Students in the age group 6 to 13 make up an increasingly larger percentage of the students who are violent towards their teachers in schools in Oslo, Norway.
Last year Oslo teachers teaching first to ninth grade and high school reported 170 cases of violence or threats towards them, almost 40 more than the year before. Students ages 6 to 13 are responsible for most of these cases, reports the Norwegian newspaper Dagsavisen.
Eight of ten who acted in a threatening manner towards teachers or fellow students were in this age group last year, compared with seven of ten the year before.
The people engaging in violent acts became increasingly younger, and they can inflict severe injuries on their teachers, said Knut Myhrer, head ombudsman in Skoleetaten, the Norwegian school system.
Most of them act in agitation, and they are so young that they dont understand the consequences of their actions. The older children comprehend that to attack their teachers is not the smartest thing to do, Myhrer said to Dagsavisen.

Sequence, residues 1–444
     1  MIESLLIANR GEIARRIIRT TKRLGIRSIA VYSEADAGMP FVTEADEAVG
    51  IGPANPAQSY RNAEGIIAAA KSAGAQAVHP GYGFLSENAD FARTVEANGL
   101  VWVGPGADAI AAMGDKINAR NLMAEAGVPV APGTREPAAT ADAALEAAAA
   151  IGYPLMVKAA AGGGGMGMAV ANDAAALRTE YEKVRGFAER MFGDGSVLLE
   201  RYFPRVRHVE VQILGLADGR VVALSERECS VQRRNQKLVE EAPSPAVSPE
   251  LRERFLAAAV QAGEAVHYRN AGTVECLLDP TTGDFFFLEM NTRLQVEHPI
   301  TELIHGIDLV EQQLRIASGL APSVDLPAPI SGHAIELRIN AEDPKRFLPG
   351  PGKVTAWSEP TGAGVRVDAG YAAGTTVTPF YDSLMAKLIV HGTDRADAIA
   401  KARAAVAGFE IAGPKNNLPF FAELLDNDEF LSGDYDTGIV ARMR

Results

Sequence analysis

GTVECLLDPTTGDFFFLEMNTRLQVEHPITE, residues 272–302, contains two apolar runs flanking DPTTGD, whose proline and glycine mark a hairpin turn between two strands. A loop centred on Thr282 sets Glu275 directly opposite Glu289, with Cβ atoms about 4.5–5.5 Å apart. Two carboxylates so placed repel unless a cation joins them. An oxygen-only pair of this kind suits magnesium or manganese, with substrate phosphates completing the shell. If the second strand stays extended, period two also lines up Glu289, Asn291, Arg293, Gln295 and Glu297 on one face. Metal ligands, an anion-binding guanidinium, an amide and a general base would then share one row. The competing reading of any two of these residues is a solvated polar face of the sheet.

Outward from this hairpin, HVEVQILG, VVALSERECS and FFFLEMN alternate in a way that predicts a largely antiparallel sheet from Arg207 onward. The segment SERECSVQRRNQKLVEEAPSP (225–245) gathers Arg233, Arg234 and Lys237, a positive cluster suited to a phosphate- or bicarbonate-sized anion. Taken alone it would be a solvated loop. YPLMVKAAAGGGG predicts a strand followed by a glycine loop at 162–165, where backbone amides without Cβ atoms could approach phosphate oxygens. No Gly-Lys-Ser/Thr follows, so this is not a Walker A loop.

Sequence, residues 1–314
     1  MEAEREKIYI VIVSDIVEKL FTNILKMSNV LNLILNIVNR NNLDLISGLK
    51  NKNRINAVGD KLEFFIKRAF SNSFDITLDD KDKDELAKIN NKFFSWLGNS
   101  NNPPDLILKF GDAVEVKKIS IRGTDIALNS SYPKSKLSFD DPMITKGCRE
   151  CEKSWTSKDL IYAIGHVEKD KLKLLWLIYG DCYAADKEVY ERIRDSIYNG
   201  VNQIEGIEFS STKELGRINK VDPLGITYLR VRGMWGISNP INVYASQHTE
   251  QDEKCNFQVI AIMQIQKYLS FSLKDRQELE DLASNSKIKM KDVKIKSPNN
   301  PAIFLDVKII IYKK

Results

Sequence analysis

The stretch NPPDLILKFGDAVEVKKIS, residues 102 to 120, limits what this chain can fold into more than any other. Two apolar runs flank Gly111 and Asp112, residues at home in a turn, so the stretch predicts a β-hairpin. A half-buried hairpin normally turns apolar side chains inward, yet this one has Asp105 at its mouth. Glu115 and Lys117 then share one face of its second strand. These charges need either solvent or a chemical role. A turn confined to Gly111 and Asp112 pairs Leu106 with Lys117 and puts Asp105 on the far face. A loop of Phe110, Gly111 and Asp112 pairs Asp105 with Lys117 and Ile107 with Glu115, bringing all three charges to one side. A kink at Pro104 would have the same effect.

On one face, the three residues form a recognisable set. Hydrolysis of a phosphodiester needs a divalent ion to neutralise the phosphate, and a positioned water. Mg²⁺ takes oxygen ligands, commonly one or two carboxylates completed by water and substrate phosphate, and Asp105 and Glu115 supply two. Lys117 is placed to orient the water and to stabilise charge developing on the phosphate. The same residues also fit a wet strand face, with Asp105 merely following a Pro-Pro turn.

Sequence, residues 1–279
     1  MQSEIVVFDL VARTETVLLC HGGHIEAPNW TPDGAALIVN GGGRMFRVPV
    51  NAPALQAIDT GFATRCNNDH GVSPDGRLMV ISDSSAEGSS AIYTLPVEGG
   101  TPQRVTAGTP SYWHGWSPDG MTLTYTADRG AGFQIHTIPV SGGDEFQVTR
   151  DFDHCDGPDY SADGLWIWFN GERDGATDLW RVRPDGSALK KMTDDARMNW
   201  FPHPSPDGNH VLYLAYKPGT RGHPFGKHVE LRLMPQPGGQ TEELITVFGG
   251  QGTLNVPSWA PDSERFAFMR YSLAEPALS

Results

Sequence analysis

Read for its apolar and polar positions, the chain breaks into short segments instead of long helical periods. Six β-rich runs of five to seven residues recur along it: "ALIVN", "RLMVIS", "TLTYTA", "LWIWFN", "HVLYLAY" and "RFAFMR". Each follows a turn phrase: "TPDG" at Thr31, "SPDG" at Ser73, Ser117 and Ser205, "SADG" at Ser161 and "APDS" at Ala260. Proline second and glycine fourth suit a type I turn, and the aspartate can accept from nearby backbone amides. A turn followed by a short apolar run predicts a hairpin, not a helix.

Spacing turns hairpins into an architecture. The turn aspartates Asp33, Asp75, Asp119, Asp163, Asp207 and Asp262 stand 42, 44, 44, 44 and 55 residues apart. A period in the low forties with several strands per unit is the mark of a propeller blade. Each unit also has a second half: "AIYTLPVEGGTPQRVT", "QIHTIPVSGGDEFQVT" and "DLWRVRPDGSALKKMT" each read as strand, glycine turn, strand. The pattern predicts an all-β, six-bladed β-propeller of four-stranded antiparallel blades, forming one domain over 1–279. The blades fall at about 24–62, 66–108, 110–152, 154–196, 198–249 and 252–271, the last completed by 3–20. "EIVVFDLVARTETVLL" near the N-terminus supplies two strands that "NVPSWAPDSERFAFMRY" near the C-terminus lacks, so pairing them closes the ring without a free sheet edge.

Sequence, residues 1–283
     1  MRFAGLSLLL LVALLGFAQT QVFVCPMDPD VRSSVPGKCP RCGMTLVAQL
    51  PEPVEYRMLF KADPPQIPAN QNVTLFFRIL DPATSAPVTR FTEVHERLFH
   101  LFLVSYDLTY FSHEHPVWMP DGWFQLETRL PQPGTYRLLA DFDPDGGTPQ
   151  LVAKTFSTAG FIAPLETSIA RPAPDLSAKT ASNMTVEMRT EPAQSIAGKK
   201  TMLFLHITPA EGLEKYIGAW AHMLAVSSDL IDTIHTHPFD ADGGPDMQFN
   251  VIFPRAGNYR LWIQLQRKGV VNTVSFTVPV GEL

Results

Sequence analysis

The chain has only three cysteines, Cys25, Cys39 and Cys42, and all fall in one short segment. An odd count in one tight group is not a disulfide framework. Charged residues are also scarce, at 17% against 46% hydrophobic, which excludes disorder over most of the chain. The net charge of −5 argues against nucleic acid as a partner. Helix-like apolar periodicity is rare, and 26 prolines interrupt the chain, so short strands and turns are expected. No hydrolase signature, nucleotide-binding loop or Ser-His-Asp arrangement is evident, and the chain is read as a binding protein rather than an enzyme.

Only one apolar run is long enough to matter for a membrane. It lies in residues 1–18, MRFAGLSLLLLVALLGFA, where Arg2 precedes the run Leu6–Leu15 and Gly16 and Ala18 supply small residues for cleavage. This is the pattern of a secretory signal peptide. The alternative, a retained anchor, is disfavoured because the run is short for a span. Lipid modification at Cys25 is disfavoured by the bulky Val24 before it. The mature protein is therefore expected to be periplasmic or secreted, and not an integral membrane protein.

But this does not necessarily mean that school children today are more violent than earlier.
Part of the explanation may be that schools have become better at reporting, said Per Aahlin, deputy chairman in Utdanningsforbundet.
Mari-Anne Sørlie researcher at Atferdssenteret in Oslo agrees.
Research indicate that children in Norway have not become more physically or verbally aggressive, even if there is a small increase of restlessness and noise in the class room, Sørlie said.
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